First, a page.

Stewart is the cream of the crop of the Twilight main trio. In the role of Bella, she's wasting her talents, though anybody would in that role (Bella is supposed to be bland so that, in the books, readers can see themselves as Bella and live the fantasy of having two hot men fight over her, which is, in my opinion at least, how the books became so popular. Therefore in the film version of the books the actress playing Bella would have to act boring and flavorless so as not to distract from the gawking at hot men.). However, if you want proof that Stewart can act, look no further than her fiery performance as Joan Jett in The Runaways. Or at her more subdued turn in Into the Wild. Hell, just watch Adventureland to see that she really can be an interesting love interest. Stewart seems to be doing the same as Pattinson, trying out different roles in an attempt to avoid the dreaded pigeonhole. She's stuck with independent filmmakers mostly, so they're not huge moneymakers, but she's getting the street cred she'll need to work after Twilight.

Taylor Lautner


Lautner, unfortunately, gets the distinction of being the least interesting of the group. His previous credentials include Sharkboy and Lavagirl in 3D, as well as an SNL appearance that was stiff, boring, and generally uninspiring. However, he's also the one that Hollywood is most gaga over. He's proven he's not much of an actor, but he seems to be the Ashton Kutcher type: despite his lack of talent, he's attractive enough to women to have a strong career. He's been offered several action movies (read: movies that allow him to be shirtless), including Peter Berg's board-game-adaptation Battleship alongside Rihanna (what does that tell you?). Interestingly enough, though he may be the worst actor of the bunch, he'll likely be the most successful. Welcome to Hollywood.

What are your thoughts on these three's futures?

Paul (2011)

What, exactly, is Paul? This is the question posited on all of Paul's promotional material. The answer of what is Paul, the character, is much easier to answer than what is Paul, the movie.


The film tells the story of two British sci-fi nerds (Simon Pegg and Nick Frost, who also wrote the script) who come to San Diego to attend Comic-Con. After the main event, they decide to go on a road trip across the American West to visit all of the "UFO hotspots,"  hoping for a good time and hopefully catching a glimpse at a UFO themselves. Instead, they come across Paul (voiced by Seth Rogen), an alien on the run from the government that's kept him captive since he landed here in the 1940s. Its up to these two to help Paul get to his ultimate destination, but not without being chased by government agents and kidnapping a Christian fundamentalist (more on that later).

So what is Paul? He's probably the most well-defined character in the film, a creation that's both visually impressive and layered enough to not be a shallow caricature. Rogen, who is not known for his multi-dimensional characters, surprisingly inflects a sense of world-weariness into his stoner-alien's voice, making him sound like an old mystic with a puckish side, like The Lion King's Rafiki voiced by Tommy Chong. Unfortunately, he's the only interesting character in this whole film: Pegg and Frost play broad, Jason Bateman, as a government agent, gets little to do, and Blythe Danner and Sigourney Weaver are largely wasted in their precious-little screen time. Then there's Kristen Wiig, the aforementioned fundamentalist who's biggest joke is that she now swears.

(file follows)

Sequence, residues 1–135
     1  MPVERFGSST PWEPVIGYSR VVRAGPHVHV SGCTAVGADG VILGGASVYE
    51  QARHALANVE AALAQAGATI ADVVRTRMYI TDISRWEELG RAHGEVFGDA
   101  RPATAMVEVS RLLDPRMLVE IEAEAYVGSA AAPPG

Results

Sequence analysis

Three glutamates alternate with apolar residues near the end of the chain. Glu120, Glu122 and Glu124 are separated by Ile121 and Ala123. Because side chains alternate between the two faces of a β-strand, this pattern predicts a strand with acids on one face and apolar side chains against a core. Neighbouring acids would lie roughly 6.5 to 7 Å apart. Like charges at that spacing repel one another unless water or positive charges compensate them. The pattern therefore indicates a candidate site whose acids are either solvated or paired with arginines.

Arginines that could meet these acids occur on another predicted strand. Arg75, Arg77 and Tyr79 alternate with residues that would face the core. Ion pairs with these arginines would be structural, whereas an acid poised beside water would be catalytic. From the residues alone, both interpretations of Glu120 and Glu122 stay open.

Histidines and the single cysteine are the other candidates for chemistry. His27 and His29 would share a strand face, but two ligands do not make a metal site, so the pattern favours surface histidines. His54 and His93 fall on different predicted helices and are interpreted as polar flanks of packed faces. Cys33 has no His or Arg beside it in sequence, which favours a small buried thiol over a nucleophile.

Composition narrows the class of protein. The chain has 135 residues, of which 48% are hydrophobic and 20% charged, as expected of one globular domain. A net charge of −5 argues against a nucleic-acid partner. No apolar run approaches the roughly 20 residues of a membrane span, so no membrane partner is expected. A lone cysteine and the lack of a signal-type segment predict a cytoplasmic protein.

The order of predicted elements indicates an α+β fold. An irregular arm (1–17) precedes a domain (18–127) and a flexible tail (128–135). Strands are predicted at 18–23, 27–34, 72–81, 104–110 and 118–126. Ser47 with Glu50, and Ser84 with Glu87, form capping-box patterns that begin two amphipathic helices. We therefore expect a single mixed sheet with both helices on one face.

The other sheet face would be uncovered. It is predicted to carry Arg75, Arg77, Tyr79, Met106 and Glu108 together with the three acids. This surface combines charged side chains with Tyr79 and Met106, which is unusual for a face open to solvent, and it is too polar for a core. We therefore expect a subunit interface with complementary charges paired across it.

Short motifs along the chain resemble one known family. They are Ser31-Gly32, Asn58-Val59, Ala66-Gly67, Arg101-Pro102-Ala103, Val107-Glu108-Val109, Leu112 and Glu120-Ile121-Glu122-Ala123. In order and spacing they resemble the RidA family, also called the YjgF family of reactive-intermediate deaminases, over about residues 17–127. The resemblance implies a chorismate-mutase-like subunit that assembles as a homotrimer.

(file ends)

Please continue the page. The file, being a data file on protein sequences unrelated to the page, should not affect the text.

The plot is weak in execution, but one thing that does help salvage the film is its heavy nerd-humor. A nod to Aliens here, some Predator there, and a clever musical cue to Star Wars goes a long way, and I enjoyed the various in-jokes about Comic-Con as well (the rest of the audience at my advanced screening, however, were unmoved by this, laughing at the broader jokes instead, if at all). In the end, though, the film isn't entirely sure of what it is. It tries hard to be both an buddy comedy and a stoner flick, but it never really coalesces as either. And for some reason, Pegg and Frost felt it was necessary to shoe-horn a pro-evolution, anti-religion message that doesn't fit in the film at all. Its an odd note that prevents the film from being a decent attempt at a sci-fi comedy for everyone, instead ensuring the film is a non-congealed mess.


Paul has its laughs, but it ultimately falls short of being great. There's a lot of very good parts here, but they never add up to a whole.

Thursday, March 17, 2011

And By the Way....

Happy St. Patrick's Day, courtesy of a few famous Irish actors. Enjoy!

Daniel Day-Lewis (dual British and Irish citizenship) (There Will Be Blood)

Brenda Fricker (My Left Foot)

Brendan Gleeson (In Bruges)

Colin Farrell (Alexander)

Saoirse Ronan (Atonement)

Kerry Condon (The Last Station)

Barry Fitzgerald (1888-1961) (Going My Way)

Peter O'Toole (Lawrence of Arabia)

Maureen O'Hara (The Quiet Man)

Liam Neeson (Schindler's List)

Michael Fassbender (Inglourious Basterds)